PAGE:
Written by David Doorey
In a complaint being litigated this week at the Ontario Labour Relations Board, Gabriel Flores Flores, a seasonal agricultural worker from Mexico, alleges he was fired in reprisal for raising concerns on behalf of himself and his coworkers about the employer’s failure to protect them from COVID19. The background is explained in this Toronto Star article by the great labour reporter Sara Mojtehedzadeh.
The complaint was filed on behalf of Mr. Flores by Parkdale Community Legal Services. It alleges that the employer’s actions violated Section 50 of the Occupational Health and Safety Act, which prohibits reprisals against an employee who raises concerns about workplace safety. Flores claims he was terminated either because he raised concerns at an employee meeting with management or because the company believed he was one of several employees who had complained publicly about working conditions.
One way to explain what happened to Mr. Flores is that he was terminated for raising a collective concern about working conditions on behalf of himself and coworkers and therefore he was terminated for engaging in concerted activities at work. An interesting question that I have been talking about for years is whether Ontario law protects employees from reprisals for doing just that. In this case, the employee was raising a concern about an issue covered by the OHSA and so he can access the anti-reprisals section in that legislation. However, employees often raise concerns about matters that are not safety related, such as pay, hours of work and scheduling, among other topics.
Does Ontario law prohibit an employer from terminating an employee who speaks up on behalf of coworkers?
The twist here is that Mr. Flores is an agricultural worker and successive Liberal and Conservative Ontario governments have clearly demonstrated that they have little patience for agricultural workers who dare to act collectively. The same is true of Liberal and Conservative federal governments, who have created a system of temporary seasonal workers that ensures those foreign workers stay in line and not cause their Canadian employers grief. For example, temporary agricultural workers have no labour mobility and are entirely dependent on one employer for their right to work in Canada, a feature of our legal model that discourages the workers from complaining, let alone mobilizing to act collectively. These governments want a passive and docile agricultural workforce.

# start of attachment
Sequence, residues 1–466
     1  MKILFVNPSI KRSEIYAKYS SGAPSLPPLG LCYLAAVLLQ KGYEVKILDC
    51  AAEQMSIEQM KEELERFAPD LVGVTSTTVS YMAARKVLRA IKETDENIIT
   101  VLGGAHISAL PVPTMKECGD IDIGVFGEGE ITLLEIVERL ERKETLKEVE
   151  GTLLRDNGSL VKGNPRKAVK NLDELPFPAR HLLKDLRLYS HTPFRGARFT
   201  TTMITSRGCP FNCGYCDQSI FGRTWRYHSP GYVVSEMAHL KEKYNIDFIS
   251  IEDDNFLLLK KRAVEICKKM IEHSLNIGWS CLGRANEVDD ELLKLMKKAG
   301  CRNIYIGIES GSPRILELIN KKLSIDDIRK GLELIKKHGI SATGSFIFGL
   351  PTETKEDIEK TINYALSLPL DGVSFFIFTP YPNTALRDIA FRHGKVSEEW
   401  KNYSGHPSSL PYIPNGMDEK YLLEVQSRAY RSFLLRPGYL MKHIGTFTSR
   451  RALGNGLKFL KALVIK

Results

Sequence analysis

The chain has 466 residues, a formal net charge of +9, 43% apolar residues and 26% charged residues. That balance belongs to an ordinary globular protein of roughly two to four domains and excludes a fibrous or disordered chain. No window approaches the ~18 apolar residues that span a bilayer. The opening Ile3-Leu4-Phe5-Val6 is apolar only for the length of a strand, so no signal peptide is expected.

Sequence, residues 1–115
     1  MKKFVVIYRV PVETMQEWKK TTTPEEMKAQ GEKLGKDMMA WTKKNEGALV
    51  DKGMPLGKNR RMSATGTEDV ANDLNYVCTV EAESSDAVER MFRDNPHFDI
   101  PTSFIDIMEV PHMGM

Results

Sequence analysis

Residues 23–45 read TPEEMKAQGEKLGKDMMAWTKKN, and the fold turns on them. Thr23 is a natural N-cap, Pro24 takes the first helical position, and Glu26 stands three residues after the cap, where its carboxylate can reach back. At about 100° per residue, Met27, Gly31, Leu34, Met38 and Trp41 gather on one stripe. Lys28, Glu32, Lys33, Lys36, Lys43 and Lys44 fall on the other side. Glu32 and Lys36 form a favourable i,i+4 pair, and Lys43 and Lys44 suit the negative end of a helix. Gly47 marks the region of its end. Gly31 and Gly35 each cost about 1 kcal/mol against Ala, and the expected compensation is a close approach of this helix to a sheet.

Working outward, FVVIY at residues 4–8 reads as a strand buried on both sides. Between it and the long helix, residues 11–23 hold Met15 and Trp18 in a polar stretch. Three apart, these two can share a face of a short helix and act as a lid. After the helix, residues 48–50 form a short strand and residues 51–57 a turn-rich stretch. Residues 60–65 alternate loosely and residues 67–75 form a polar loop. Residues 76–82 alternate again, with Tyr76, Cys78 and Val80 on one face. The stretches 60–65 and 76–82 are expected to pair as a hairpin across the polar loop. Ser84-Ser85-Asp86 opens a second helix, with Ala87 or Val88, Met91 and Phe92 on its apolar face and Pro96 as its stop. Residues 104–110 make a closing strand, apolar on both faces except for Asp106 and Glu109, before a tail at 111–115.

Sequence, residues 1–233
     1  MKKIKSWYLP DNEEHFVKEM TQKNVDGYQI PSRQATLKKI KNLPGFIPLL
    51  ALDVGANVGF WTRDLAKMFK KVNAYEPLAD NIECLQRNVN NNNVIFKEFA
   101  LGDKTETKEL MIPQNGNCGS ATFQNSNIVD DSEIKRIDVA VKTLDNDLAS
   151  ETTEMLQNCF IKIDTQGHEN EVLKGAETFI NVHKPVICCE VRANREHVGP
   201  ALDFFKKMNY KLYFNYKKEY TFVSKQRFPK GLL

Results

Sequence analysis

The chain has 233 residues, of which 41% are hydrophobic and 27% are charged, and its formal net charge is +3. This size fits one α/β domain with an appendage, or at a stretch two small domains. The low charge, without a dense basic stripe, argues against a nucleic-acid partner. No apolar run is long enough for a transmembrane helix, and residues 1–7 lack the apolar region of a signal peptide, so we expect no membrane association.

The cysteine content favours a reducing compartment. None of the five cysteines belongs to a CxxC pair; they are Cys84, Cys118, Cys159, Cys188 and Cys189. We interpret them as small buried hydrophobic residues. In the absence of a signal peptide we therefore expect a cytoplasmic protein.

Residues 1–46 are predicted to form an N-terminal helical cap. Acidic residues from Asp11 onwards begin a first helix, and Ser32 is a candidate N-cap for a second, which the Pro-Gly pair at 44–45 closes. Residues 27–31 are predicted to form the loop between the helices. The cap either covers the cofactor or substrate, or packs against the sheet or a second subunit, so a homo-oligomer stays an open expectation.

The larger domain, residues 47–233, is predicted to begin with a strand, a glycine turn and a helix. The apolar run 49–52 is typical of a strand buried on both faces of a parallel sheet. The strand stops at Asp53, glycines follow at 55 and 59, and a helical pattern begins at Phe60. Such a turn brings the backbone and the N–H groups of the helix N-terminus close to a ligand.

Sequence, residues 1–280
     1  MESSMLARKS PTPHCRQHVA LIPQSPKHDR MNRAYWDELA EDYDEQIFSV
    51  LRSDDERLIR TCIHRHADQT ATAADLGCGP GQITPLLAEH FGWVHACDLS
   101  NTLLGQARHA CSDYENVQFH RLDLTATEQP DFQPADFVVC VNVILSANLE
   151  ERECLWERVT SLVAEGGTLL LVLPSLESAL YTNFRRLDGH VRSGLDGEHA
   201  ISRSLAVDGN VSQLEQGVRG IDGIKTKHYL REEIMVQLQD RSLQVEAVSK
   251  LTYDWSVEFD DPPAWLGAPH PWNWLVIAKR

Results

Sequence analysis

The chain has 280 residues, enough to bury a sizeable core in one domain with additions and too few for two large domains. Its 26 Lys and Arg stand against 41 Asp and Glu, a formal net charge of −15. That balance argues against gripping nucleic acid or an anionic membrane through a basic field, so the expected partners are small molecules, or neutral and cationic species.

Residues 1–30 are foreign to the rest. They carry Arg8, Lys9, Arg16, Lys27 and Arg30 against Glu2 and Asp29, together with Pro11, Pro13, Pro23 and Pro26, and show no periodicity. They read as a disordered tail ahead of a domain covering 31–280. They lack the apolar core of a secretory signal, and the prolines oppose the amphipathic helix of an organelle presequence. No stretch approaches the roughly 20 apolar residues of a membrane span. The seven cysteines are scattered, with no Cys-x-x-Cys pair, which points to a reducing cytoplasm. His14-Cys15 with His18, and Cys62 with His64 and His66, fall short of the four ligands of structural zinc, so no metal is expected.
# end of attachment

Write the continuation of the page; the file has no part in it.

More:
In Ontario, agricultural workers are excluded from the Labour Relations Act and are instead covered by a watered down version of freedom of association found in the Agricultural Employees Protection Act. Neither the OLRA or the AEPA obviously apply here, however. In contrast to the American National Labor Relation Act, which protects (in s. 7) a broad right of employees to engage in “concerted activities for mutual aid and protection”, including a right to protest dangerous working conditions by striking, the OLRA protects only a right to form or join a “trade union” and to engage in “trade union activities”. As far as I know, there is no “trade union” involved in Mr. Flores’ story.
The AEPA protects a right to “assemble” and to form, join, and engage in the lawful activities of an “employees’ association”. The AEPA defines an “employees’ association” as “an association of employees formed for the purposes of acting in concert.” Here we see the deliberate importation of the American language of “concerted activity”. There is decent argument that by terminating Mr. Flores for raising concerns about working conditions on behalf of his seasonal agricultural co-workers, Scotlynn Sweetpac Growers (the employer) violated section 8, 9, or 10 (the unfair labour practice provisions) of the AEPA. Such a finding would trigger a broad remedial power under the legislation that permits the Tribunal to determine “what if anything” the employer “shall do” to remedy the violation. I can imagine arguments for creative remedies.
Of course, a successful ULP complaint under either the LRA or the AEPA would require the applicable tribunal to adopt a broad, purposive interpretation of the statute that captures organic and sometimes spontaneous “concerted activity” by nonunion workers that has not formalized into an effort to form or join an “association” or “trade union”. If an unfair labour practice complaint were filed in a case such as this, involving termination of an employee for raising collective workplace concerns, the labour tribunal would be confronted directly with the question of the scope of our statutory protections for concerted worker action.
If that tribunal were to rule that our collective bargaining statutes provide no protection at all for workers fired for raising collective workplace concerns unless they act through the vehicle of a formal “association” or “trade union”, it would expose a glaring hole in Canada’s model of freedom of association. I wonder whether the absence of any protections from employer reprisals for exercising collective voice about working conditions amounts to a substantial interference in the right to collective bargaining and to strike, which is now guaranteed by the Charter of Rights and Freedoms. I will be interested to see how a tribunal deals with an argument like this in the test case that I anticipate will come along in the near future.
I explore these arguments in a new paper published in the University of Toronto Law Journal called “David Beatty’s Redemption (And Other Thoughts on the Future of Labour Law)”.
David Doorey, “Do Ontario’s Collective Bargaining Laws Protect Migrant Worker Dismissed for Raising Collective Workplace Concerns?” (September 15 2020): http://lawofwork.ca/?p=13005